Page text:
And those are expressers. They don't edit what's coming out of their mouth. It doesn't form first in their brain. Right now, I'm making words, but they are nowhere until they come out of my mouth. I don't know what I'm going to say. I'm just expressing. That's natural to human beings, and it's a powerful way of doing communication. It's very easy for us to do it.
On the other hand, our rhetoricians. Rhetoricians want to go in and work on every single syllable—the way it is said, when it is said, and what visuals go with it. A hyper rhetorical person doesn't want to talk until they've worked on the message. They want to maximize its effectiveness. If you think about that for yourself, are you an expressive or a rhetorical person?
Brendan: I think I would say I’m more rhetorical.
Dan: You speak slower. I mean, you seem to think a little bit before you talk.
Brendan: I try to.
Dan: You seem considered.
Brendan: It doesn't always come out perfectly.
Dan: No, of course not, but really rhetorical people talk very slowly because they're forming in their heads before they talk. Or they've pre-written it, which a lot of what I said tonight is pre-written. It sounds conversational. I've said this stuff many times. I've lectured this stuff, probably hundreds of times. A lot of what you're hearing are pre-worked scripts. I'm incredibly rhetorical. I like being expressive too when I do creative work. Expressiveness is what you want, but then you want a rhetorician to come along behind it, a mechanic, and improve it.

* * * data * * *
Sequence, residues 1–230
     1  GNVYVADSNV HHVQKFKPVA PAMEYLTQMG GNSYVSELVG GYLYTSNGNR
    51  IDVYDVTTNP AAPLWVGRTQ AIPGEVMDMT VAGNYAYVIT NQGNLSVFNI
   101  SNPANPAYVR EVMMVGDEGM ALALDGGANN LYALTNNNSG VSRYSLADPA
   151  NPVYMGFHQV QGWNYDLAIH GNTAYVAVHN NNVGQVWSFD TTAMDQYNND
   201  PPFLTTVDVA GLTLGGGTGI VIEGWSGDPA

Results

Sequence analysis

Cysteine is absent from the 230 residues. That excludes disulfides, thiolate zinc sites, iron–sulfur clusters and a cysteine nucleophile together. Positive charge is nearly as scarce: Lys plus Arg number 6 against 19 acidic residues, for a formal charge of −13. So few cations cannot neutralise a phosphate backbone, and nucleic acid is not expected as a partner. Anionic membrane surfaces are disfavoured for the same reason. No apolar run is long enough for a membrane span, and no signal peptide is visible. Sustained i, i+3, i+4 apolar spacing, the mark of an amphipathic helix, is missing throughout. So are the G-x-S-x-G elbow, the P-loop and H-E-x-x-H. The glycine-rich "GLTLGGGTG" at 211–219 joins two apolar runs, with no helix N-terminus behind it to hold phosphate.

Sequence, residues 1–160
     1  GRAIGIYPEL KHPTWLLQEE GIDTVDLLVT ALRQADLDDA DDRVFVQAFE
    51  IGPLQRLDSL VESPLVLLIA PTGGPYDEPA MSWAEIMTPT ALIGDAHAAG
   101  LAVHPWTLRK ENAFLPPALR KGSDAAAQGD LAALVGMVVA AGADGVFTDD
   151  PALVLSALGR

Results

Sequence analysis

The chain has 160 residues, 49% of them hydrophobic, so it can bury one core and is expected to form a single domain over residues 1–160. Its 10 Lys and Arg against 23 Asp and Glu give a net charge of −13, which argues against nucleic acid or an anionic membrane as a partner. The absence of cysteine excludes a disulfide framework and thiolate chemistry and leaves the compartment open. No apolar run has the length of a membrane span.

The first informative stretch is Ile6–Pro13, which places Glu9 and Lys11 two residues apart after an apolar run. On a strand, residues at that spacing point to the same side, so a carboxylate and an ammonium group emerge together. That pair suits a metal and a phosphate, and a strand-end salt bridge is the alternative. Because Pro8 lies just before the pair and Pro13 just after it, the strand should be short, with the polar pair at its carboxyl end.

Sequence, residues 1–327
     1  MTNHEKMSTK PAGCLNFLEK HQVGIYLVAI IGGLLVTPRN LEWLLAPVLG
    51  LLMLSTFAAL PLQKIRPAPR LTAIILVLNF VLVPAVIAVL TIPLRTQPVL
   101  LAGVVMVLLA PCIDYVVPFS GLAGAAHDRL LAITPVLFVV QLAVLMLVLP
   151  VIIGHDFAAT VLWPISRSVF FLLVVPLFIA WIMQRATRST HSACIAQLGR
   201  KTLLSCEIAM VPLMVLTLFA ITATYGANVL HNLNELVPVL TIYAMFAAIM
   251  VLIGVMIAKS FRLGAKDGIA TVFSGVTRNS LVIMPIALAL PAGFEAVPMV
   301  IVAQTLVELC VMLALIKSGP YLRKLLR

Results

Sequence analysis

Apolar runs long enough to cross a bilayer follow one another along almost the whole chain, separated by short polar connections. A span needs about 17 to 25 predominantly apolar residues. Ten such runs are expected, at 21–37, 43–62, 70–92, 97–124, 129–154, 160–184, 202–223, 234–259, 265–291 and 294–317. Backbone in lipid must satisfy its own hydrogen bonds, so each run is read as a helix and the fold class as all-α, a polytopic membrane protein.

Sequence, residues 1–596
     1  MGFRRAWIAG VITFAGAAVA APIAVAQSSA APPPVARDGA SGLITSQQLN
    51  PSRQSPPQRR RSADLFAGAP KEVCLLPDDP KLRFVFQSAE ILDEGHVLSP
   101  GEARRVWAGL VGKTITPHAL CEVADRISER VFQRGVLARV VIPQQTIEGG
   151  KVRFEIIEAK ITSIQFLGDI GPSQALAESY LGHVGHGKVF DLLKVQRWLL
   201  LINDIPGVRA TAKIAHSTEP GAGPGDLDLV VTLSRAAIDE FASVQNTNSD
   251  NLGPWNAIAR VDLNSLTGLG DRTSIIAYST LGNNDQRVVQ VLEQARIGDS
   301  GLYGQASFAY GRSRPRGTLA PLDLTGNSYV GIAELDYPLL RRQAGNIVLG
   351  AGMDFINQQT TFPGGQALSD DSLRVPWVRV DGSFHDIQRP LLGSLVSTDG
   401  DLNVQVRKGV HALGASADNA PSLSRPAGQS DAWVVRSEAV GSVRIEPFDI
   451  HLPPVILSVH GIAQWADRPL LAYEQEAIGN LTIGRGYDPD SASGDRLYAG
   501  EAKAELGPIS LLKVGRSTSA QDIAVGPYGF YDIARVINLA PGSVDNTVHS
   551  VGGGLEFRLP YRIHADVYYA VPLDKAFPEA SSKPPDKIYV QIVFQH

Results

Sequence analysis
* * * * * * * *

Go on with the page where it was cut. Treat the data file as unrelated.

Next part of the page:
That's the cool thing about stand-up. Stand-up is written dozens if not hundreds of times. Rewritten, rewritten, rewritten based on the audiences’ reaction, and based on what you notice every time you go up and do it. That time it actually makes it to TV, you're probably seeing a script that's been written and performed 300 or more times with multiple different audiences. There should be no flaws in it at that point. If there are, you have not done the work.
Brendan: The other thing that jumps out at me there is that you have a PhD in Rhetoric, we said numerous times, but the work that you do, it may not require a PhD. People would need to have—my assumption is—a very, very good understanding of rhetoric to be great at their jobs in the space that you played in your stand-up comedy, comedy scripts, writing, TV, and stuff. Is that a right assumption people make? Or actually, no they don't, but they still get by?
Dan: Let's say it's a mix. Salespeople are really interesting in this way because they sell the same thing over and over again. A lot of times they'll naturally hit on a line or way of saying something, or a facial expression that works. Once it works, you're going to want to repeat it. It's going to be part of your routine because you know there's value in that script point, or that performance point, or the character that you're playing.
You find this in every job. It's just sales that's very distinct because they know a lot of times, they're money depends on how well they deliver that script. Really good salespeople will end up knowing all the boxes, all the hesitations, all the resistances of customers. As soon as they hear one, they've already got a script for answering it. It's usually a fairly sophisticated script because it matters.